In any business, recreating a favourite product is a fraught undertaking. Ask any Hollywood producer or software developer.
Make the sequel too similar to the seminal version, and it will fall flat. Make it too different, and purists will scream bloody murder.
In other words, Moray Callum had his work cut out for him when he picked up a pencil to redesign one the most coveted cars in history — the Ford GT40. The backstory is the stuff of legend.
Ford, spurned in an attempt to buy Ferrari, made 107 of the racecars between 1964 and 1969. After trouncing the field in Europe’s famous races, Ford was satisfied with its grand tour and turned its attention from its light, agile track star to beefy, American muscle cars (and the Pinto).
These days, the most prized of that first batch of Ford race cars fetch almost €7 million. And the company, cruising on resurgent demand for its pickups and SUVs, figured it was time for a victory lap of sorts. Callum, Ford’s vice president for design, got the call.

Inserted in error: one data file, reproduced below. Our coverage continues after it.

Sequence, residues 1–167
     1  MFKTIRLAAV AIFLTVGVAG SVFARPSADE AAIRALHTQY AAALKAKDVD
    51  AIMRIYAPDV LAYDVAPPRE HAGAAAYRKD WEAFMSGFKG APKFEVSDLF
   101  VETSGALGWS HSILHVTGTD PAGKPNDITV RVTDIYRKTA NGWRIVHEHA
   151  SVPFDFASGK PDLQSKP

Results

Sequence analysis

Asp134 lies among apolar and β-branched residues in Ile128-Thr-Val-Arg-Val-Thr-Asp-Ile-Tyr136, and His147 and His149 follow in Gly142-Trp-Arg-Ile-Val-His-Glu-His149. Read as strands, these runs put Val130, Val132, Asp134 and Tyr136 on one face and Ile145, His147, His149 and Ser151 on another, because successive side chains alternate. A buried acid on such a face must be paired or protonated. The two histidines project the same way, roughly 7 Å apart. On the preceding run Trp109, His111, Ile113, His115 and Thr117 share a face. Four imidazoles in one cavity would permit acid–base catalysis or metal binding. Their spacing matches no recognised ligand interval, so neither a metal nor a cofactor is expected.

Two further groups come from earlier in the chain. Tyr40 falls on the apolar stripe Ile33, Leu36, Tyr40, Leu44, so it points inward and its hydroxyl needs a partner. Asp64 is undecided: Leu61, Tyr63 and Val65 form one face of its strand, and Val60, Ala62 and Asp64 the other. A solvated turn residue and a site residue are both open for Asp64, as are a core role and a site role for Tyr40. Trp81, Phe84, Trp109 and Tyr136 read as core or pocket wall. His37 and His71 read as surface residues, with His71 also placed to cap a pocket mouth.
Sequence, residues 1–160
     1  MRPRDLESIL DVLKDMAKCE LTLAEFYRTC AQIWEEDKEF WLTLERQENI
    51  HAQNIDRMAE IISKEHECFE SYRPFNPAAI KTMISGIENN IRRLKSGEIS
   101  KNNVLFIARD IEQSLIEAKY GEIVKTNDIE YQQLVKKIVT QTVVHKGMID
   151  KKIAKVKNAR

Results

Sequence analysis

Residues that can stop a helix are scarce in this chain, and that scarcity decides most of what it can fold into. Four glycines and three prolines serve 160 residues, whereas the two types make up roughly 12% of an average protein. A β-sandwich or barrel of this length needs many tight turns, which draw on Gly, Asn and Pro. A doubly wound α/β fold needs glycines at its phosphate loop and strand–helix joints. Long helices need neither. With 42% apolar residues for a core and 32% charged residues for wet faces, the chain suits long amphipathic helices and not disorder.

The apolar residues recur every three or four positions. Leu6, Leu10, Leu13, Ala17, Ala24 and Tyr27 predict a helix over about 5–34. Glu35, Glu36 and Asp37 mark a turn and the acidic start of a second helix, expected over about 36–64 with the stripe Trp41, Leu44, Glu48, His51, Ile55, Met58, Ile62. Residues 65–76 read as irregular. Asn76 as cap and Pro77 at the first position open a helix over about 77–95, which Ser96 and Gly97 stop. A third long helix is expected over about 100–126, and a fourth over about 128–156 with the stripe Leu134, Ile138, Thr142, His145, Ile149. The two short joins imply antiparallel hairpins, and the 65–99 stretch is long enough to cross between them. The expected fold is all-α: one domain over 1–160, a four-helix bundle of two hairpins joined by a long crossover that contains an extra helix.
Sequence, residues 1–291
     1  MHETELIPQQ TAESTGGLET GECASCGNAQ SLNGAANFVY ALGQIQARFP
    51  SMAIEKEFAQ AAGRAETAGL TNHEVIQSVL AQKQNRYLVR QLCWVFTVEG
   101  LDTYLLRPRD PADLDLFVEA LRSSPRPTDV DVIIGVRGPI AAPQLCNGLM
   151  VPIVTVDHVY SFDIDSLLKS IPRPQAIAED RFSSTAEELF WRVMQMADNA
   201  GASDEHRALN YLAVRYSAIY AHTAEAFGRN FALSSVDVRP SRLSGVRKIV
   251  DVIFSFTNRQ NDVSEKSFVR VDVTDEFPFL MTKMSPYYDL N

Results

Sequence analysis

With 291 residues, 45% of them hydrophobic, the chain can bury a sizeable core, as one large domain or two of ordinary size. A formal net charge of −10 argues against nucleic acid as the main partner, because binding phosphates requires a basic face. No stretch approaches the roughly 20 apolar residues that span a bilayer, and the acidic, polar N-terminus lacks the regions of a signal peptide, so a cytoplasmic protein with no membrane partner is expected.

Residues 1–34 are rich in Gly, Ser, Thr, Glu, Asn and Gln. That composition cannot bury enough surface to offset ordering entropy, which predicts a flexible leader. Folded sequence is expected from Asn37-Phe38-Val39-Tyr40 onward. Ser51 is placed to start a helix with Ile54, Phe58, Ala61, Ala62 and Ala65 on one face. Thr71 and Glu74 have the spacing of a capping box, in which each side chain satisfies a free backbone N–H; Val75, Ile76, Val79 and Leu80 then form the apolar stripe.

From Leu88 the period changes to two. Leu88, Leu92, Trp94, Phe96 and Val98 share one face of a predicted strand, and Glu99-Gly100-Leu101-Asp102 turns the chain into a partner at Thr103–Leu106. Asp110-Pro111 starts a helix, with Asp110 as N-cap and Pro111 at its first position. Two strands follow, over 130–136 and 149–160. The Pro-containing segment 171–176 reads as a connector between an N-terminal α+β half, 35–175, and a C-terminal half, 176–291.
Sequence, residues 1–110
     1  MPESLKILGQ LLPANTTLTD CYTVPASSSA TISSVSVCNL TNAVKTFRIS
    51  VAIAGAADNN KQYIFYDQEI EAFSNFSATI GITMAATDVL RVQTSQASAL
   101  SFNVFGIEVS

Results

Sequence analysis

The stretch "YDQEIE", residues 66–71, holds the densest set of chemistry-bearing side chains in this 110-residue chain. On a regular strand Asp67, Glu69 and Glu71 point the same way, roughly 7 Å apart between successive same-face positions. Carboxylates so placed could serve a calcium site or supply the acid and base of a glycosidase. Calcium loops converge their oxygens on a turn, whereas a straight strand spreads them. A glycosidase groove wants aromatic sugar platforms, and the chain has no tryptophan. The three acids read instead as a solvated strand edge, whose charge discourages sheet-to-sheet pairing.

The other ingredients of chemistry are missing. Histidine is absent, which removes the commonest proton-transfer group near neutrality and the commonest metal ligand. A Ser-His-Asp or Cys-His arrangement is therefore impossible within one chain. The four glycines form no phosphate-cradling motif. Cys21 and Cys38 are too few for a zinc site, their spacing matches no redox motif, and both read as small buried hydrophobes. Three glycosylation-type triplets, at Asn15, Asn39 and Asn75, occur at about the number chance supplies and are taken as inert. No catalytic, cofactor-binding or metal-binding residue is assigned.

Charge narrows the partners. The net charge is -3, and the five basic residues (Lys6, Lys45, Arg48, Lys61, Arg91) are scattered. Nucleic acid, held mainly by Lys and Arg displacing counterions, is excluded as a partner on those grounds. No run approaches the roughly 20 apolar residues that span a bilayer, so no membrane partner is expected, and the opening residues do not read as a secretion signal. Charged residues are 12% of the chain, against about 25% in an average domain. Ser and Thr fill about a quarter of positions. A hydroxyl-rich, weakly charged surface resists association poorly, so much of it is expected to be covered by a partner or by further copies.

The trick, he said, was balancing the weight of history and massive expectations while creating something contemporary, or even futuristic.
“We agonised over everything to be honest,” Callum said. “We didn’t want to do a retro car. And what we came up with, you can recognise it as a Ford GT, but you can also tell it’s something from the 21st century, not the 20th.”
Ford made 107 of the GT40 models and after trouncing the field in Europe’s famous races, Ford was satisfied and turned its attention from its light, agile track star to beefy, American muscle cars.
Meanwhile, McLaren said it plans to stay independent to take advantage of its nimbleness as it competes with other supercar makers such as Lamborghini and Ferrari.
“We’re very quick to move. Our product development life cycles are very efficient,” Jolyon Nash, executive director of sales and marketing, said in an interview. “In an industry like this, those are great advantages.”
The car maker famed for its Formula One racing team is one of the few global luxury brands that is not part of a larger group, which provides financial resources and helps lower costs. Lamborghini, Bugatti and Porsche are owned by Europe’s largest Volkswagen, while Fiat Chrysler controls Ferrari and Maserati.
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